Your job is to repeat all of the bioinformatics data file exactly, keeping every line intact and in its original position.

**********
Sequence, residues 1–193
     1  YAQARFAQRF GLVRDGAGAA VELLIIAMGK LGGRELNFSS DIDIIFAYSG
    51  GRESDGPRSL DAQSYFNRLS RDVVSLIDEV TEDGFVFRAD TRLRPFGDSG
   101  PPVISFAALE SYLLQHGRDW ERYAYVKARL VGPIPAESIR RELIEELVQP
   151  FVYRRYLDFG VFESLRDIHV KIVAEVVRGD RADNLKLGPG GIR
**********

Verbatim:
Sequence, residues 1–193
     1  YAQARFAQRF GLVRDGAGAA VELLIIAMGK LGGRELNFSS DIDIIFAYSG
    51  GRESDGPRSL DAQSYFNRLS RDVVSLIDEV TEDGFVFRAD TRLRPFGDSG
   101  PPVISFAALE SYLLQHGRDW ERYAYVKARL VGPIPAESIR RELIEELVQP
   151  FVYRRYLDFG VFESLRDIHV KIVAEVVRGD RADNLKLGPG GIR